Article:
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Please don't remind me that I'm poor; I'm having too much fun pretending I'm simply "living green" like everyone else these days.


Sunday, January 9, 2011

Mama made soap

Just for something different than talking about food so much; I thought today I would tell a story about my Grandmother that I called Mama. 

One of the things Grandma Mama did was make soap.  Actually, she made two kinds of soap.  One was a hard bar soap that made our skin very soft and another was a laundry soap.  Grandma Mama's laundry soap was nothing at all like the laundry soap I made myself about a year ago.  Her soap was a mushy brownish sort of stuff.  It was about the consistency of mayonnaise or pudding and didn't make bubbles at all.  It got the clothes very clean though. 

Washing was done by cooking boiling our clothes in a pot of water over an open fire, removing them to a tub of cooler water, and scrubbing on a wash board my Grandpa Papa had made.   There wasn't any electricity in our house back then.  When electricity was eventually run to the house Grandma Mama did get a wringer washing machine.  She thought it the best contraption ever made. 

Anyway, about the laundry soap Mama made.  She had a bucket sort of thing she used to make her lye.  I can't remember exactly the formula Mama used to make her soap but I do remember the way she made her lye...... sort of.    It's been a lot of years since I thought about this.

Papa had found a wedge shaped rock.  It was rough, not smooth.  Just something he found on the farm.   The rock was about 3 inches on the high side and about an inch on the low side and somewhere around two feet wide.  The rock looked sort of like this.

Into this rock Papa chiseled a groove in a somewhat round shape with another chiseled section going toward the short side of the rock wedge.  His circle was a lot rougher than my drawing.  The groove was about 1/4 inch deep.   The top of the rock looked sort of like this.

Behind the wash house was a makeshift bench table setting next to a rain barrel. The rock sat on this bench table with the edge of the rock just a bit beyond the edge of the bench.  On top of the rock sat a bottomless and topless wood bucket.  If I remember right, Mama's bucket was originally a cracker barrel cut in half and the bottom removed.   Hmm... it might have been a pickle barrel.  Anyway....

 The barrel bucket was just a  bit larger around than the groove Papa had carved into the rock.  Under the rock sat a small iron pot.   It all looked sort of like this. 

Inside the bottomless bucket Mama packed some straw about an inch or two deep.  On top of the straw she put a piece of muslin.  The muslin was just big enough to cover the bottom of the bucket and come up the sides a couple of inches.  On top of the muslin Mama put ashes from her cook stove.  She only used wood and corn cobs in the cookstove.  She filled the bucket up to about two or three inches from the top of the bucket.  I remember Mama would never use the coal ashes from the pot belly stove that heated the house.  I don't remember why though.  Maybe she didn't like the soap it made.

About once or twice a day Mama would put a couple of dippers full of water on the ashes.  The dipper held about a cup or so of water.  Hmm.... a dipper is what we used to get a drink of water from a water bucket.  You may have seen in old western type movies how people drank from a dipper?  Anyway, the water trickled down through the ashes, through the fabric and straw, into the groove, and down to the iron pot below creating a lye water.  The fabric and straw was to keep the ashes from going into the pot along with the lye water.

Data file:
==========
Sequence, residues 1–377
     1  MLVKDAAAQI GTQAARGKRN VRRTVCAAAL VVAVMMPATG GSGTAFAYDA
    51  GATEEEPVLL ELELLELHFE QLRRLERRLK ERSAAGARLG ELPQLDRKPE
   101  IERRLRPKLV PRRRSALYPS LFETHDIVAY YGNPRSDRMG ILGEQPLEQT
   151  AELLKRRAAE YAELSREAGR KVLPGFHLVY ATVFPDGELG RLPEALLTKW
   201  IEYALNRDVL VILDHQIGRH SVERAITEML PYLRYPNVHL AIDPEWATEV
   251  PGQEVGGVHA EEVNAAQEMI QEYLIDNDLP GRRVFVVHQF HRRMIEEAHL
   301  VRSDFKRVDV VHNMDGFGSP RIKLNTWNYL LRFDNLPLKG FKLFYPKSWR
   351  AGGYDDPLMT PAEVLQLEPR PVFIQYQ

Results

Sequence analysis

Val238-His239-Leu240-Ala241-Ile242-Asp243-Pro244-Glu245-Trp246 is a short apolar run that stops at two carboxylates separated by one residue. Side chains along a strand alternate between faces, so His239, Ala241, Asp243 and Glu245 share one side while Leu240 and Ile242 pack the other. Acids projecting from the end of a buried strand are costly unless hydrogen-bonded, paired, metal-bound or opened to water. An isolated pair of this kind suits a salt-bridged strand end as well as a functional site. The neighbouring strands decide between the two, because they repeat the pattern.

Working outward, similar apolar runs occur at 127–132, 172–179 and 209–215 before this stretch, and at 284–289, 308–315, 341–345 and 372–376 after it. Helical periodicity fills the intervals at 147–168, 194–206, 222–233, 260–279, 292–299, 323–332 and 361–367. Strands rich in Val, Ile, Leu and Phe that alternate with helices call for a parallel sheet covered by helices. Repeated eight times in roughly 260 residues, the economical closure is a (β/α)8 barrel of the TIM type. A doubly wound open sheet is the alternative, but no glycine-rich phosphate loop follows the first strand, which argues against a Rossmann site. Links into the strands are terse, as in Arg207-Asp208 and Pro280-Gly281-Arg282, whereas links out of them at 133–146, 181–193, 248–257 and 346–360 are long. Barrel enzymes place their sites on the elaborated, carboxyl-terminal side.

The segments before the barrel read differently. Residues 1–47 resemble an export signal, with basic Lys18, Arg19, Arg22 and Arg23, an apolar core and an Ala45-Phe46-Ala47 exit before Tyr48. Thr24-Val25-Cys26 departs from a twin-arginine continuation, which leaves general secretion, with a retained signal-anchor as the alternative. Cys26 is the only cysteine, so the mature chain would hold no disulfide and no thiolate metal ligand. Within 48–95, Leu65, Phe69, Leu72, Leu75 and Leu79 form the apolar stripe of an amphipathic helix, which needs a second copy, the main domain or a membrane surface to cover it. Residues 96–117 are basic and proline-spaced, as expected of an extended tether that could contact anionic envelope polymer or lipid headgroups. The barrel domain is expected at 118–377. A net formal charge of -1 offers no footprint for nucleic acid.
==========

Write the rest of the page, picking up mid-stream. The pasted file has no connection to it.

Mama saved her kitchen grease by straining it through a piece of muslin.  Mama's cooking grease was lard she made herself.  After she used the lard over and over again enough times it started to get really brown looking.  When Mama thought it really was too brown to use for cooking anymore she saved it to make laundry soap.  When Mama thought the lye water was just right she would mix her old cooking lard into the lye pot.  Mama would spend a very long time sitting and stirring the lye lard mixture with a wooden spoon. 

How Mama knew just when the lye was right or how much lard to add, or how long to stir it, is a mystery to me.  The memory is lost along with other childhood memories.  Maybe it will come back to me later.... maybe not.  Mama stored her laundry soap in a pottery type bowl in the wash house.   If I remember right, after making soap Mama refilled the bucket with new straw, muslin, and ashes to start the process again.  

I hope you've enjoyed the story about my Grandma Mama. 


Anonymous said...

I really enjoyed your story about lye soap. I always liked to hear people talk about the way things were done back in the day.I remember the dipper to get a drink. I did that at Grandmas house. Do you remember cutting out paper dolls from catalogs? I am afraid a lot of things are going to be lost. The children now do not entertain their selves the same as we did.

Gail said...

What a great story! You loved her very much, it shows.

Joyful said...

I enjoyed this story. Thanks for sharing it.

kathi said...

ah, the old days. So much has been lost as to how things were done back then. My grandmother used to make the BEST garlic pickles. I would watch, but i don't have a CLUE how she did it. sad. hmmm? pickle barrel. giggle. sending hugs.

Joan J said...

All I can say is... Wow. First, think how organized women were back then - to do all these things we (at least I) don't do anymore. Your grandmother certainly couldn't wait until the household was out of soap to start making a new batch - it required organization and thinking ahead. Households were run in a much more orderly fashion back then, don't you think? I enjoyed your story tremendously.